What about the new products awaiting approval this year? In addition to Lifileucel, Roctavian (ValRox), and etranacogene dezaparvovec as mentioned above, Bluebird brings in two that I haven’t mentioned yet: beti-cel in TDT and eli-cel in CALD. Add to that February’s approval of Janssen/Legend’s CarvyktiTM in multiple myeloma, and we’re up to six possible new product approvals this year! Lastly, and I should note that this one could possibly be a stretch considering prior delays relative to announced benchmarks: PTC’s PTC-AADC, for which the sponsor has indicated we should expect a CHMP opinion in Europe in April and a US BLA filing in 1H'22.

That makes for a possibility of ten or more approvals this year: seven of which would be new products and three of which would be line extensions. It’s quite the statement of extraordinary potential for this year that my summation of ten or more possible approvals this year should show up this far into my article, isn’t it?

But wait, there’s more!

2022 may well also become the year in which allogeneic therapies experience their long-awaited turning point.

Tl;dr: this is a market segment whose time is likely to come very soon; will data results expected this year be resounding? Consistent? At Dark Horse we’re closely tracking at least 21 companies with data coming out this year. That’s…a lot.

I’ve saved my discussion of allo until last, in part because it is a bit more of a reach; recent developments suggest a true inflection in this space may yet be delayed another year or more. That said, it is particularly close to my heart given my own personal work history at companies rooted in allogeneic approaches before joining Dark Horse.

Back in late 2018, a colleague and I published “the long road to affordability,” in which we used publicly available data to estimate the likely cost of goods sold (COGS) for autologous CAR-T manufacturing and speculated on paths to improving costs in this critical class of therapies. To quote ourselves in the conclusion of this article, “… while significant improvements in COGS are feasible, ultimately more substantial changes such as transitioning to allogeneic platforms may be necessary to make C&GT products affordable for very large indications…”

So, what to watch for this year in the world of allogeneic cell therapies? Well, first and foremost, Atara is poised for Q4 EMA approval of the first-ever allogeneic T cell therapy (Tab-cel®). The US BLA for the same has been delayed, though, due to a need for further discussion with the FDA.

Multiple companies are expected to release clinical data from gene-edited allogeneic αβ T cell products this year and we’ll be watching them closely. Given the early data from Allogene, CRISPR, and Precision, all announced in the past 6 months, though, it appears likely that further modifications to product design, dosing schedule and/or conditioning regimen will be required to demonstrate durable clinical responses.

2022 milestones I’ll be watching especially closely in this space will be whether either (i) the addition of an HLA-E transgene to evade NK cell rejection in Precision’s 2nd generation PBCAR19B (program update expected mid-year) or (ii) the PD-1 knockout employed in Caribou’s CB-010 (initial data in the ANTLER trial to be reported at ‘at a medical meeting in 2022’) can overcome the persistence issues observed in those first-generation allogeneic αβ T cell approaches.

Although early, data in the NK cell space potentially shows more promise. Back in 2020, data from the Rezvani lab at MD Anderson (umbilical cord-derived NK cells with a CD19 CAR and IL-15 armoring) showed 8 of 11 (73%) response rate in a highly pretreated mixed NHL/CLL population, with 7 of those 11 (64%) being complete responses, and a median durability of 13.8 months. The program (which partnered with Takeda in 2019) appears to have initiated a Phase 2 study in 2021; however, it is unclear if we can expect any interim data updates in 2022.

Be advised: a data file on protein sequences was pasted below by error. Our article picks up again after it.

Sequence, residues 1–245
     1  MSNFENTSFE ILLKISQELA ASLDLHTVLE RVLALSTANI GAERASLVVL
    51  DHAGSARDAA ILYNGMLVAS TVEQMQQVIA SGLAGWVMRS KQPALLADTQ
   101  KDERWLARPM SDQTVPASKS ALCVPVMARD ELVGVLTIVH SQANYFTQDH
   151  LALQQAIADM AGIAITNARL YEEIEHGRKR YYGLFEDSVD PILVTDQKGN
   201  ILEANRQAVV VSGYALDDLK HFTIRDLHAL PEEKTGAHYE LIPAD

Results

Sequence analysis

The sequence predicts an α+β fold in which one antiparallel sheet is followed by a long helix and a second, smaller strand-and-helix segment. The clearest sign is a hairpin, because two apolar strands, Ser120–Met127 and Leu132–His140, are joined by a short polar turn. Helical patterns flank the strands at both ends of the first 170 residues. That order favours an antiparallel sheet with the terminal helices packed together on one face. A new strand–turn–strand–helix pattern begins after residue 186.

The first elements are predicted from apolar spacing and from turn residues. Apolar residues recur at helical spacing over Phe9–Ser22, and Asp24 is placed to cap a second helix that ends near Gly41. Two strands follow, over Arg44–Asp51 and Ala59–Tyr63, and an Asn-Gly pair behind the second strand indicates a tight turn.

Similarly, data reported in December from Fate Therapeutic’s FT516 (iPSC-derived NK cells expressing a high affinity, non-cleavable CD16 construct) trial in relapsed/refractory B cell lymphoma showed very early promise of improved durability vs. allogeneic gene edited αβ T cell approaches. Additional data is expected in 2022 from this program as well as from Fate's FT596, FT538, and FT576 programs, beginning with this February '22 press release.

Other ongoing clinical trials of NK cell products that may potentially report interim data during 2022 include Artiva’s AB-101, Nkarta’s NKX101 and NKX019, and Celularity’s CYNK-001 and CYNK-101 (although most of these trials are scheduled to complete in 2023 according to clinicaltrials.gov).

Another orthogonal approach to allogeneic cancer immunotherapy is gamma delta T cells. It’s admitted too early to tell if the inherent allogeneic potential of these cells will help overcome the persistence issues encountered for gene edited αβ T cell approaches, but Adicet’s ADI-001 (CD20 targeted γδ T cells) showed promising response rates in initial clinical data reported in December. Just the other day, IN8bio announced three durable remissions in its ongoing Phase 1 trial of INB-100 in AML, although given that INB-100 was given in patients undergoing HSCT, it’s hard to know how much to make of this data. Additional data is expected this year from both programs, as well as IN8bio’s INB-200 program in Glioblastoma.

Not to go too far afield, but I must also note that there are, of course, allogeneic therapies that aren’t cancer immunotherapies. While most of these remain further removed from clinical proof-of-concept, two I’ll be watching this year are Vertex’s diabetes program, which reported very promising data (albeit in one patient) in October, and Viacyte’s competing program in collaboration with CRISPR therapeutics which announced first dosing in February.

There you have it: my official guide on what to watch in 2022. Any one of these prospects (earlier indications/competing with traditional therapies, T cell product approval in solid tumors, the most approvals ever in one year, and/or strong allo proof-of-concept data) would be noteworthy, ground-breaking, and cause for celebration in the cell and gene world. And if more than one of these prospects is simultaneously realized this year…well, 2022 would then certainly go down in the cell and gene record books as a year to remember.